Jonathan A. Peterson '12 and Julie M. Silverbrook '12 received the Thurgood Marshall Award for distinguished pro bono work during the Law School's graduation ceremony on May 13. The award is given to a member or members of the graduating class who exhibit the ideals of distinguished public service exemplified by U.S. Supreme Court Justice Thurgood Marshall (1908-1993).
Dean Davison M. Douglas lauded Peterson for his leadership of the Black Law Students Association, one of the Law School's student groups that is "most committed to public service." During Peterson's tenure as president, the dean noted, the group sponsored a project to provide information to people who seek to have their voting rights restored. "Time and time again," Douglas said, "BLSA has led the way in fundraising or other service projects." Peterson received his undergraduate degree from the University of North Carolina at Chapel Hill and will join the Raleigh, NC, office of Cranfill, Sumner & Hartzog.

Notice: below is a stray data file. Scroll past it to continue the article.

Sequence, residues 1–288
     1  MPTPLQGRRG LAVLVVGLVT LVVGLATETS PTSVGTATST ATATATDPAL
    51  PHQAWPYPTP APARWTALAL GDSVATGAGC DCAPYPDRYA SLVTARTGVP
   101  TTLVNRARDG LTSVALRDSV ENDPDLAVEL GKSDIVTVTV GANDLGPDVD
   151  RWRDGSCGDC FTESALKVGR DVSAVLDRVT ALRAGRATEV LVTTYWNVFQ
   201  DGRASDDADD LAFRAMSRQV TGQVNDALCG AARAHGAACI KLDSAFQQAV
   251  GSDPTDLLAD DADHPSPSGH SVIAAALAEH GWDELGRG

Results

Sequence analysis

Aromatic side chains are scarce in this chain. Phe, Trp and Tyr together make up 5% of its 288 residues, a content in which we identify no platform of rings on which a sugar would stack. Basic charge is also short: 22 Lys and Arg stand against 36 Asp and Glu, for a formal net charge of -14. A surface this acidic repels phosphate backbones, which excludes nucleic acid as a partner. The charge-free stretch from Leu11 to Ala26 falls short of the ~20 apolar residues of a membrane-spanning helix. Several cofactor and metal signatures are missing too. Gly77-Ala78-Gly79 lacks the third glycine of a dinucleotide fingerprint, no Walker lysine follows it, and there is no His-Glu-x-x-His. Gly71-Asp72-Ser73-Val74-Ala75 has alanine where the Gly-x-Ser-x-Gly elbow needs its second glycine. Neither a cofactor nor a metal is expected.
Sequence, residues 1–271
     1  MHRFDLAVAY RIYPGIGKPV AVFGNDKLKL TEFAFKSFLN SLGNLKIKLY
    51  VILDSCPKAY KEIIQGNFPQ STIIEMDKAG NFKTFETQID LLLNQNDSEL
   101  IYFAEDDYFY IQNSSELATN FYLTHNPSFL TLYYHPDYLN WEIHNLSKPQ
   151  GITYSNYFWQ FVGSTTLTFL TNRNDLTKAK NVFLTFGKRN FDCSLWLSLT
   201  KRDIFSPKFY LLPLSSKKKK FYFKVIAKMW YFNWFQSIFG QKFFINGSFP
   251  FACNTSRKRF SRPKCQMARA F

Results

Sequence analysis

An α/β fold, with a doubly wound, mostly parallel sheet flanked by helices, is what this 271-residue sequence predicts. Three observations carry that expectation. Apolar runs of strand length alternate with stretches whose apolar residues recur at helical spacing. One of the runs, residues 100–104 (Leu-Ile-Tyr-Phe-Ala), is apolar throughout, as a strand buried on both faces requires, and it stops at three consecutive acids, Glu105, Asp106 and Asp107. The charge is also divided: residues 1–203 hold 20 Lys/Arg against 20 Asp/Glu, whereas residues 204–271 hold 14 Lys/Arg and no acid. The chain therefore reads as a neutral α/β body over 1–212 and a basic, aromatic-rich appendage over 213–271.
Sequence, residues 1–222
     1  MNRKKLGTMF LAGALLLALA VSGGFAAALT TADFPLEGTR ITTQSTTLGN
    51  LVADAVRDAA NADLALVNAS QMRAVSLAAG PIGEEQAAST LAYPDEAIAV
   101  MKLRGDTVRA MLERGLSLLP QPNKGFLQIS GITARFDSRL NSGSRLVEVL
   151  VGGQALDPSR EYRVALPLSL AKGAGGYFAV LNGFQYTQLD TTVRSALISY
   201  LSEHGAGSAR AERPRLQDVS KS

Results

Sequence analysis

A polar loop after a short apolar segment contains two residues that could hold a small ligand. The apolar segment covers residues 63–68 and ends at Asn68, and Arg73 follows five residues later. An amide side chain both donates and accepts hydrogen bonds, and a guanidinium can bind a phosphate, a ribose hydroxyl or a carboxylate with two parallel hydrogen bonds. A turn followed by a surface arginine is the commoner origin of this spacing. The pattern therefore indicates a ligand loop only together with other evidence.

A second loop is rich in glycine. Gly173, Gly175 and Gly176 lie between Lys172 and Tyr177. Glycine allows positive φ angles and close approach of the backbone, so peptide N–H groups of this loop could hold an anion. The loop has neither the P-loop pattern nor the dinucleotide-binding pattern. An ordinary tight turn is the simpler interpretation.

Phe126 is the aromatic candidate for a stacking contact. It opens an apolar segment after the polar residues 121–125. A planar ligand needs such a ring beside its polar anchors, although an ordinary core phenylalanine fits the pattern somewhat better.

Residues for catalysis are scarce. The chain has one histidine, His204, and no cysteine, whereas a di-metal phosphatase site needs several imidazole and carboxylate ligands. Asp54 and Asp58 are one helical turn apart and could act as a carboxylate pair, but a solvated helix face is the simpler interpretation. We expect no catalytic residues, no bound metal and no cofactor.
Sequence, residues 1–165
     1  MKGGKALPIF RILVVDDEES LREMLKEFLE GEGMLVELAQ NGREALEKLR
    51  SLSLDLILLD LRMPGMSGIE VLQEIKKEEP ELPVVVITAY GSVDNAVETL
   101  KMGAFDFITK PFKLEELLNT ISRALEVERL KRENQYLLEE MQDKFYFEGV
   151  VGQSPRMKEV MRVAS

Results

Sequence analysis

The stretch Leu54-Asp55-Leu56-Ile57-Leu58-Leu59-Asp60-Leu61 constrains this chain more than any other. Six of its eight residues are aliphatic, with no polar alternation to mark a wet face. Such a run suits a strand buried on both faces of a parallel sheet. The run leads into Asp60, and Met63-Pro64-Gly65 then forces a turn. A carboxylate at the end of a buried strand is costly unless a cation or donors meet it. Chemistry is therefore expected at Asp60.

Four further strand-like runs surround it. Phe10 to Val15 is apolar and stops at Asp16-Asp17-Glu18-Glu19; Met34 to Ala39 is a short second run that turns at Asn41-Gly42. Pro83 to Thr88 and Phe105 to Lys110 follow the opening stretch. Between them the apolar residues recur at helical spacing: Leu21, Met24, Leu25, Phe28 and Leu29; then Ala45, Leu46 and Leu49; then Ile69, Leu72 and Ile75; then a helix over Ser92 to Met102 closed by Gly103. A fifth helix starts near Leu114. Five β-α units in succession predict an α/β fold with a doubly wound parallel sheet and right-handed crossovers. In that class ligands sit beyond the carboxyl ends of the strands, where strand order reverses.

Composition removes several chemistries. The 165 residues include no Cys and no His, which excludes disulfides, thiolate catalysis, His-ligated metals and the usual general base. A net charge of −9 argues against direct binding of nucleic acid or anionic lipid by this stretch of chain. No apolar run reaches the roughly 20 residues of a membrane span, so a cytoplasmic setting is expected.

Silverbrook, according to the dean, possesses a "profound commitment to civic education" and was the driving force behind "Constitutional Conversations," a workshop series led by law students that was designed to engage people of all ages in a dialogue about their duties and rights as citizens. The series is supported by the Institute of Bill of Rights Law, the Colonial Williamsburg Foundation, and the Williamsburg Regional Library. Silverbrook received her undergraduate degree from George Washington University and completed her third-year legal studies while taking on new duties as the Executive Director of the Constitutional Sources Project (ConSource) in Washington, D.C.